Kids Health Watch is brought to you by our friends and Magnolia Springs Pediatrics
Now that the pandemic is over, we are seeing a lot of different infections coming back in full force! Of course, the flu is bad right now, but I want to educate you about an illness that can affect infants and those with underlying medical issues, especially lung problems. I’m talking about Respiratory Syncytial Virus or RSV. RSV is a virus that can cause serious respiratory symptoms in kids of all ages, but especially in infants. RSV usually starts off as a simple cold with a runny nose, a little cough, and stuffiness. However, over the course of a few days, it can progress to wheezing and rapid shallow breathing (80-90 times per minute). I know there are several daycares and schools that have sent notes home regarding RSV, so I want you to be armed with information. Let’s talk about what is happening in the lungs so we can understand the treatment.
Bronchiolitis is the general term for the infection that RSV causes. RSV isn’t the only cause; it’s just the most common and can be the most dangerous. In bronchiolitis, the lower airways become very inflamed and produce a lot of mucus. This obstructs the airways, causing respiratory symptoms. While there is no foolproof way to prevent bronchiolitis, washing hands frequently and avoiding sick exposures can help. However, there are some risk factors. Anyone in daycare, even mother’s day out for a few half days a week, anyone exposed to cigarette smoke, and younger siblings of school-age children are at risk. The time from exposure to full-blown symptoms can be a few days, but the illness itself can last from 7-21 days, depending on the severity! The virus is highly contagious and is spread through the air.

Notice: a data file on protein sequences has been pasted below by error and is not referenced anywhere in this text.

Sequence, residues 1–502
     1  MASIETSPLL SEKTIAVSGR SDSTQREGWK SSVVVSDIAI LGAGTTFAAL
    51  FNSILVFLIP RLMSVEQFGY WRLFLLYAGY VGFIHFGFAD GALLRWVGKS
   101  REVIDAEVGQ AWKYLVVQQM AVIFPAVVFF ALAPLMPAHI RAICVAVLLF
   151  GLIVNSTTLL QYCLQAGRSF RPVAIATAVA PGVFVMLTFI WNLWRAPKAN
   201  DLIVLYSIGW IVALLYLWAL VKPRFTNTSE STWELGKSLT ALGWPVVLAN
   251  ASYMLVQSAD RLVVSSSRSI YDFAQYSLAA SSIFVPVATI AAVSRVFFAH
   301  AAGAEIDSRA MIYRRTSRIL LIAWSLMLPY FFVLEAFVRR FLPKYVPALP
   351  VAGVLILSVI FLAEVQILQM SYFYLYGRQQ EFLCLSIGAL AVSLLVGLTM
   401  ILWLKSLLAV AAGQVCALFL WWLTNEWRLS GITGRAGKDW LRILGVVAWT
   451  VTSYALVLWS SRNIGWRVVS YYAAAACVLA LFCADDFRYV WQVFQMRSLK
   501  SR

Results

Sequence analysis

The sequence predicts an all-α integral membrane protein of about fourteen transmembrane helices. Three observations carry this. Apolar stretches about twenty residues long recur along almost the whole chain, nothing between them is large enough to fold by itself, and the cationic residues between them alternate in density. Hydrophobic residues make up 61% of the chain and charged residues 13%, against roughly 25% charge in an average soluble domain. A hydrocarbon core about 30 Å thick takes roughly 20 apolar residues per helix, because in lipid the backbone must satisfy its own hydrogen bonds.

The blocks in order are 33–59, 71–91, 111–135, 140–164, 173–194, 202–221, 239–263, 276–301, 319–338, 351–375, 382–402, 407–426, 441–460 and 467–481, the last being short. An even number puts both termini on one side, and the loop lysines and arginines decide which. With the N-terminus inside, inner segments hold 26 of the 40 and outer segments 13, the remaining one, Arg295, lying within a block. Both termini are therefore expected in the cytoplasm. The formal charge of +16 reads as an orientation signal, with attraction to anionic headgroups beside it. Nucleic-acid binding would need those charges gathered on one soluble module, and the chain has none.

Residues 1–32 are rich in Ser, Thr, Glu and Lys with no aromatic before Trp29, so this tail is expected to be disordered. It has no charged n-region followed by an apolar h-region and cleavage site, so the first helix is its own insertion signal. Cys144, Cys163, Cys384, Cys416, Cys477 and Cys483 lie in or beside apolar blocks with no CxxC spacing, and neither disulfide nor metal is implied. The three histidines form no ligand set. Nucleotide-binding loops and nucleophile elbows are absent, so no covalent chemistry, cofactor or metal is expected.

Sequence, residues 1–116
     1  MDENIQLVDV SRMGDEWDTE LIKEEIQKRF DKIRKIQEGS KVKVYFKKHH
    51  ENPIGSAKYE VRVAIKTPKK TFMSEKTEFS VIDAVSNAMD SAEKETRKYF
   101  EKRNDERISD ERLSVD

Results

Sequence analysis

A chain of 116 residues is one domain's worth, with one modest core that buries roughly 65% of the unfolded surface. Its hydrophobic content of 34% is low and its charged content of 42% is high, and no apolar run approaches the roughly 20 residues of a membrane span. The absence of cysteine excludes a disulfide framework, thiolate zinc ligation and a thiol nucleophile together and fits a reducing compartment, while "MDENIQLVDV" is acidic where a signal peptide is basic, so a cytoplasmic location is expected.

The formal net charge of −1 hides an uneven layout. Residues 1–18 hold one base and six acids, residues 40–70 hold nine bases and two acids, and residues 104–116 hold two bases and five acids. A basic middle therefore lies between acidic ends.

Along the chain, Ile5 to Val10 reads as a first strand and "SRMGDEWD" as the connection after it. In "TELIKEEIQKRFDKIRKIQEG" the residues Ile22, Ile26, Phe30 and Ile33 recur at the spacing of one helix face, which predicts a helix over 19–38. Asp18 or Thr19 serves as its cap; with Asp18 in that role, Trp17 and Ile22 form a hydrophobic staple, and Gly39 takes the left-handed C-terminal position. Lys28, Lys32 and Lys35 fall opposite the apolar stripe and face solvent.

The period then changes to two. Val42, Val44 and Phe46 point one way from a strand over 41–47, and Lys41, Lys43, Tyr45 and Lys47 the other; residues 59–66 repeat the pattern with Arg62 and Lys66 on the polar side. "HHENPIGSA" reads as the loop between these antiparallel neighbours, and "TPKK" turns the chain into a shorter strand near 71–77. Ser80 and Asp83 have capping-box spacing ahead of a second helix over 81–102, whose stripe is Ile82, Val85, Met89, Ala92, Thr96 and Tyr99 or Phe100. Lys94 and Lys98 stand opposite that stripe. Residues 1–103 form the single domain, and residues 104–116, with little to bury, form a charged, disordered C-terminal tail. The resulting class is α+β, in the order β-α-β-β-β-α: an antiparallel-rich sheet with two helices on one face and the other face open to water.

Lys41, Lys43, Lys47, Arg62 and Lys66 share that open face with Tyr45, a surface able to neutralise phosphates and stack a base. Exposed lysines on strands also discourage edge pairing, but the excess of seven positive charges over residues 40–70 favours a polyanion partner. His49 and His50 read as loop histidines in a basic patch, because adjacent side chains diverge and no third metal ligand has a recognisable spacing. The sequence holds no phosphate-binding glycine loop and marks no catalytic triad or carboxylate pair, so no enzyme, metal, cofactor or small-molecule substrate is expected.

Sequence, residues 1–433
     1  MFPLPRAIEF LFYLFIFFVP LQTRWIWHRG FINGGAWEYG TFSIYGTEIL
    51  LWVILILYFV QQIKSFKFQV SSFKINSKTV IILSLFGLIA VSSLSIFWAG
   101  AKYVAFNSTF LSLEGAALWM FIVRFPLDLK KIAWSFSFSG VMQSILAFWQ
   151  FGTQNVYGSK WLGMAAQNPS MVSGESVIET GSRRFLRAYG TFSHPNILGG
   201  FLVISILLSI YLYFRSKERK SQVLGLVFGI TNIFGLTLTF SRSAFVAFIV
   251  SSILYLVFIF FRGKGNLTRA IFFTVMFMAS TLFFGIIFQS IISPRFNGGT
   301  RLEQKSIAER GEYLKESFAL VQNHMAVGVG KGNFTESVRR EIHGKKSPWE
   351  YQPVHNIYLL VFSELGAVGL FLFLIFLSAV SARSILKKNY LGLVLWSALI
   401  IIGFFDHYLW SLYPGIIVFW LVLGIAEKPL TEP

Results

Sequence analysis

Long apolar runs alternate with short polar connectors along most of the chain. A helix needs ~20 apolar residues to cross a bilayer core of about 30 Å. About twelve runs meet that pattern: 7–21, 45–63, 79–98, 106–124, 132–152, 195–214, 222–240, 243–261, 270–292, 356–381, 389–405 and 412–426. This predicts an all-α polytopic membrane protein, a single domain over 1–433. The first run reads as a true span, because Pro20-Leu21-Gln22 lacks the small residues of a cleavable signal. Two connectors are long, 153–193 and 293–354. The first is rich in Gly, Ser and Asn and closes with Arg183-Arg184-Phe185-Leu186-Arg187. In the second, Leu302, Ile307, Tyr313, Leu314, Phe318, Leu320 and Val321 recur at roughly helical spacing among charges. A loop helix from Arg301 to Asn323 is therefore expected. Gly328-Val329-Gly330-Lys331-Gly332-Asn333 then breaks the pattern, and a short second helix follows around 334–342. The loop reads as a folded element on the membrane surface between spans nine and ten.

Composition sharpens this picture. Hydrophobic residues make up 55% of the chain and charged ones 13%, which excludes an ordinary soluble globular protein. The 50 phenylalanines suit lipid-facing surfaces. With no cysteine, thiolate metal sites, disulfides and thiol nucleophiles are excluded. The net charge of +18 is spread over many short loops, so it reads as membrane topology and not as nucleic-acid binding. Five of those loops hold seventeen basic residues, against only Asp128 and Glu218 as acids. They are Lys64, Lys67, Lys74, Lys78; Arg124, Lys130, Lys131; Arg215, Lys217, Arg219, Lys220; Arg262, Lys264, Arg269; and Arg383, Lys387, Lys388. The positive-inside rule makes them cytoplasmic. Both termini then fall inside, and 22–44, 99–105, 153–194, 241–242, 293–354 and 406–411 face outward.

The reason RSV is such a big deal is that it has been responsible for severe respiratory illnesses, hospitalizations, and even death in younger and/or premature infants. Not all cases are this serious, but sometimes they can be, so be alert. The hard part about RSV in young infants and premature babies is that rapid, shallow breathing can lead to fatigue and poor air exchange. When a child gets fatigued, they also tend to eat and drink less, which can lead to dehydration.
The treatment of RSV is tricky. Since it is a virus, antibiotics don’t help eliminate the primary infection. However, you can develop secondary bacterial infections after the initial infection. The best treatments are supportive care. Humidifiers and saline drops can be useful, and sometimes, if the respiratory symptoms are severe enough, a nebulizer or breathing machine can help. The diagnosis of RSV is made at your doctor’s office, and treatment options can be discussed. The most important thing is to keep a child hydrated. Frequently a child with RSV will take less volume of formula or breast milk at any sitting because of the increased work of breathing and fatigue. But a child will feed more often, so their intake will still be okay over 24 hours.
Be on the alert, RSV is here this year. Don’t hesitate to discuss this with your physician, especially if you have a young infant with respiratory symptoms.
Robert L. Rux, M.D. is a Board Certified Pediatrician at Magnolia Springs Pediatrics. Originally from Mobile, he attended medical school at The University of Alabama School of Medicine (UAB) and completed residency at The Children’s Hospital of Alabama (UAB).